I am trying now to think of good examples of promising applications for post-editing of machine translations. Something that is not important enough to pay humans to translate it, but important enough to pay humans to try to edit mechanical attempts at translation.

Perhaps there are, perhaps there must be things like that out there.

But I can’t think of any.

Maybe you can.


  1. […] Fool’s errand:  1. A foolish undertaking, especially one that is purposeless, fruitless, nonsensical or certain to fail.  2. Such an undertaking assigned as a prank.  (Source: The Viktionary, open-content dictionary)  […]


  2. […] Fool’s errand:  1. A foolish undertaking, especially one that is purposeless, fruitless, nonsensical or certain to fail.  2. Such an undertaking assigned as a prank.  (Source: The Viktionary,…  […]


  3. Hm… MT as flatlined translation? It’s a thought. I really do wonder about the pipe dreamers who waste so much time waiting and hoping for machines to add even more to the noise level of superfluous data splashing around us. Content tsunami? Anyone who thinks they can or should surf a tsunami like that is welcome to, but I find that shutting out the noise and being very selective about content gives me more real information.

    Bear in mind, Steve, that most of the huckster pushing MT are just trying to make a buck, like all those old COBOL programmers did with the Y2K scam before reality arrived at the Day of Doom and the world and its computers just kept on running. Now you’ve got people like D.W. making silly public statements about how one must “get on the MT boat or drown”. I’d soon drown in crappy metaphors, and once again, if there’s a tsunami, the last place I want to be is on a boat when it sweeps my way.

    Even if MT post-editing were viewed as a way of paying the bills, I would rather sell buns in the local bakery. I think any good writer would understand that what you read affects your mind and what you produce. Expose yourself to machine-generated spew for weeks on end and see where that puts the quality of your other work. If you are left with any.

    Life’s too short. I’ll take what we have today in the quality I need. That’s human quality. I suppose some of the TAUS gurus, the CSA crowd and others have days when they are so in love with the machines they would prefer a romantic evening with a vacuum cleaner to its human alternative. Not this guy, thank you.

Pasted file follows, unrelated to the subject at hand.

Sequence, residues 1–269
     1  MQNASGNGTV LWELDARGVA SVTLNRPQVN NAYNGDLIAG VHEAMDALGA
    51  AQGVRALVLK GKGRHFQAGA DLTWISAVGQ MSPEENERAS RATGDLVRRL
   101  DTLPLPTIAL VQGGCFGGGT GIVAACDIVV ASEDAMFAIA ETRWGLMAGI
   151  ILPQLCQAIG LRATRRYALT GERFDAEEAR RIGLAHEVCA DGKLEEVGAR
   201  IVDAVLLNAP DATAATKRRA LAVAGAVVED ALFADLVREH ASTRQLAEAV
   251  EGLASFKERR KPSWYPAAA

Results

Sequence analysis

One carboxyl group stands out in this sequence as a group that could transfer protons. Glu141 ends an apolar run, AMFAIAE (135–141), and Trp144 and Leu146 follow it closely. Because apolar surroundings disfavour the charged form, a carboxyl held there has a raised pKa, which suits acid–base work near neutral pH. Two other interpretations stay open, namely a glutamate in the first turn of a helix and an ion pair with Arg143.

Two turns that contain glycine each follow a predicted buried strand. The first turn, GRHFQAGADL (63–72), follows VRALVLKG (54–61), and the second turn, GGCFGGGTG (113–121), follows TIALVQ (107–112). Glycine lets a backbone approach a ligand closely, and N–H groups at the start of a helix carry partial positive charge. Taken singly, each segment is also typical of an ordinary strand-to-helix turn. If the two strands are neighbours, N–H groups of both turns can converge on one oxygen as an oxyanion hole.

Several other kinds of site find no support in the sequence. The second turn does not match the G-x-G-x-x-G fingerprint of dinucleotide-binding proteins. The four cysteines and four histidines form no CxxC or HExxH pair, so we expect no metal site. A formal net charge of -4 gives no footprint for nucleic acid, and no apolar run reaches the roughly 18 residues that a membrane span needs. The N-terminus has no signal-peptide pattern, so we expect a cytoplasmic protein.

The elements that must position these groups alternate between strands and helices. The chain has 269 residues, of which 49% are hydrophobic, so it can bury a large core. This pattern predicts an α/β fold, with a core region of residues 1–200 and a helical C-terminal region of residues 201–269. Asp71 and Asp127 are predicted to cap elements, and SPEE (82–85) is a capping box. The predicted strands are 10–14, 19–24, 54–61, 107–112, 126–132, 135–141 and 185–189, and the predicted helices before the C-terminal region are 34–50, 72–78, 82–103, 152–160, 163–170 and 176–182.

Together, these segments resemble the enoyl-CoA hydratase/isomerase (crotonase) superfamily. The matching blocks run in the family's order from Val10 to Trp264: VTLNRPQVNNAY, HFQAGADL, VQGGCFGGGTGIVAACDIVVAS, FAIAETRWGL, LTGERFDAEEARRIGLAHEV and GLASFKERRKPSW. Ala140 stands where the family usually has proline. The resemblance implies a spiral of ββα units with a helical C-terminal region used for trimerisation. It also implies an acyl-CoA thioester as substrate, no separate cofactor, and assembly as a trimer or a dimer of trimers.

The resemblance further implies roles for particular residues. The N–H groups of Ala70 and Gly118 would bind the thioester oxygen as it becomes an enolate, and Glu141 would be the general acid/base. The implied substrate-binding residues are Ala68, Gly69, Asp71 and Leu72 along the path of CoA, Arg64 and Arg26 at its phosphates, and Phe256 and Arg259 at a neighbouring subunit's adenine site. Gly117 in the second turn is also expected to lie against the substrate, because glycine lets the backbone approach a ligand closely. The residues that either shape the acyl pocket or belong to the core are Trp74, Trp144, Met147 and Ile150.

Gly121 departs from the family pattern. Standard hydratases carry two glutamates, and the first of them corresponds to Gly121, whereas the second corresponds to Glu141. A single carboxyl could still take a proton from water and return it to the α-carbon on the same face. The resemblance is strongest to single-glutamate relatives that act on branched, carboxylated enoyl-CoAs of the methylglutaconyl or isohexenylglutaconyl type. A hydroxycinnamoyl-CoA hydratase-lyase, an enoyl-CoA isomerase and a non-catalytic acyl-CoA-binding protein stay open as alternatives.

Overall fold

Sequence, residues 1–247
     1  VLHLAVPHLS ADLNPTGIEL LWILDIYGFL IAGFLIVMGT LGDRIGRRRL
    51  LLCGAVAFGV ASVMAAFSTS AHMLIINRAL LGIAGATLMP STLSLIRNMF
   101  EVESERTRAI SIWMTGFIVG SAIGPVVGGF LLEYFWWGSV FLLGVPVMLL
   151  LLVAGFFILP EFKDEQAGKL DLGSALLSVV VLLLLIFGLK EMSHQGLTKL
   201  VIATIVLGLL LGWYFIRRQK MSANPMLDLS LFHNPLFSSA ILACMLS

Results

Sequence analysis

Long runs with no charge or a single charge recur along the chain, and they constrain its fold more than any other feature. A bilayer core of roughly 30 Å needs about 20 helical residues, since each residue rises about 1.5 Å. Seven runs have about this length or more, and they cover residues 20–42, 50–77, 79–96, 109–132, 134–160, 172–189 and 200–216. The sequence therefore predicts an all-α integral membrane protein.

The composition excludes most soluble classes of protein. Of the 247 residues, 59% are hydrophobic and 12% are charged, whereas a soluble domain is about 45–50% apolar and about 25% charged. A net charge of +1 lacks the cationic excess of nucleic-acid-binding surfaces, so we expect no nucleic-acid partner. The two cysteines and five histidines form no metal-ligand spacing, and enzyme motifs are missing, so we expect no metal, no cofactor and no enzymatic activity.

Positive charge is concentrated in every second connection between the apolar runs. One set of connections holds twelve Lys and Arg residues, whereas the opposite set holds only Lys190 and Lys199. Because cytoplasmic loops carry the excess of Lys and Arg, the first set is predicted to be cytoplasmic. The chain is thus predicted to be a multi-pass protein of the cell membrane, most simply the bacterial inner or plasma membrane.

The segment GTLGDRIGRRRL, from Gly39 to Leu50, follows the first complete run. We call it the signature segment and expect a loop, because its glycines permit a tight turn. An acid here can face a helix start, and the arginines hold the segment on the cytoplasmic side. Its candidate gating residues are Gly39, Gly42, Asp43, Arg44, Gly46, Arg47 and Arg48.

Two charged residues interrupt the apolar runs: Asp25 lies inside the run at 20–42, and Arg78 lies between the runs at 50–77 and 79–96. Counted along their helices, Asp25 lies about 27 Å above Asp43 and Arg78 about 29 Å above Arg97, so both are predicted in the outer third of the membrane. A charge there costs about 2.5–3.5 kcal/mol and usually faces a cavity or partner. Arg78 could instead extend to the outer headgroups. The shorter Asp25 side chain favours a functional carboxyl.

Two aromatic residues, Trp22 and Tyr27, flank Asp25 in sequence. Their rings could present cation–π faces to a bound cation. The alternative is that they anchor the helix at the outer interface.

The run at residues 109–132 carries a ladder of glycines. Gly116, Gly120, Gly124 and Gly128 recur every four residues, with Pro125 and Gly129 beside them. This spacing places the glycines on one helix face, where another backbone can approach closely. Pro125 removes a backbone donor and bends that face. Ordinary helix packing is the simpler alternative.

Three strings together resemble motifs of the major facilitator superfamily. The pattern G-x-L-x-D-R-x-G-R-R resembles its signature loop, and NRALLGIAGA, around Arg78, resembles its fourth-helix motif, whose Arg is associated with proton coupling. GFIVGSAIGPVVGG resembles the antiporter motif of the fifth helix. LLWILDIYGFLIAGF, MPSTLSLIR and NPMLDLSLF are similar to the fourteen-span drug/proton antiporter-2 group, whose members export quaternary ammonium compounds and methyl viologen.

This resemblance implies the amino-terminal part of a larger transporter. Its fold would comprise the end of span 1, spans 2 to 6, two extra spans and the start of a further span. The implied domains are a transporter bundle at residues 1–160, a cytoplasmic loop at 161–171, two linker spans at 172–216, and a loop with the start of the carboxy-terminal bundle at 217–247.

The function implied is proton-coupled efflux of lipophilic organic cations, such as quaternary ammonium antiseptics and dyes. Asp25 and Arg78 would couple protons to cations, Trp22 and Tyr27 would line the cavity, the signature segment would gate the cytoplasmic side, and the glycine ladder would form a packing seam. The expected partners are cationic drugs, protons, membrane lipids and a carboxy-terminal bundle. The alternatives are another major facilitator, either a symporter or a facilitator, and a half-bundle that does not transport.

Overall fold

4. Now that last message from me with all its typos could definitely use some post-editing, but at least the basic rant is clear enough. We have so much we can improve with human factors. Why waste time on the rest?


  5. …. “most of the hucksters pushing MT are just trying to make a buck, like all those old COBOL programmers did with the Y2K scam before reality arrived at the Day of Doom and the world and its computers just kept on running. Now you’ve got people like D.W.” …

    Exactly, except that the only abbreviation that I am familiar with is MT. What is D.W., TAUS and CSA (I’m afraid I am not very well informed about the latest trends in commercial translatology, mechanic-linguistic hucksterism and related issues).

    “Even if MT post-editing were viewed as a way of paying the bills, I would rather sell buns in the local bakery.”

    Making a living as a post-editor of MT detritus … what a horrible way to die!


  6. I think that if we, as humans, ever teach computers how to understand language the way we do, the decline of the translating profession will be the least of our worries. 🙂


  7. I agree.

    See Karel Čapek’s play R.U.R. from 1920.


  8. Post-editors’ epigram at Tarragona, Spain:

    “Go tell the Translators, stranger passing by
    that here, against their law, we lie and die.”

    Click to access 2012_competence_pym.pdf


  9. Thanks for the link, Wenjer.

    “the translator’s function can be expected to shift to linguistic postediting, without requirements for extensive area knowledge and possibly with a reduced emphasis on foreign–‐language expertise”

    I started to read the paper but after about 4 pages I gave up.

    It’s too long and nowhere in the first few pages does the author even mention the word “meaning” and how MT technology is going to get around this minor problem.

    He is saying is that a patent translator such as myself does not really need to know much about the languages and the subjects that he translates thanks to the combined miracle of MT and TM.

    So for argument’s sake, since the knowledge of the Chinese or Japanese language can be quantified among other things in how many characters does the translator know, would it be sufficient if this “post-editor” of patents and related technical documents that would be presumably translated by MT knew only:

    100 characters?

    300 characters?

    900 characters?

    Obviously not. He would need to know about 3,000 characters, have a solid understanding of the Japanese and Chinese grammar and of the meaning of the technical terms within a given context both in Japanese or Chinese and in English, and he would also need to have the range of skill sets that only experienced translators possess to be able to keep his clients happy.

    The same principle is applicable to less difficult languages such as German, French or Russian.

    A skilled post-editor of MT wielding awesome TM tools who does not have the skills identified by me above would be dumped by his clients very quickly because he would be identified very quickly as an incompetent impostor who is making too many mistakes.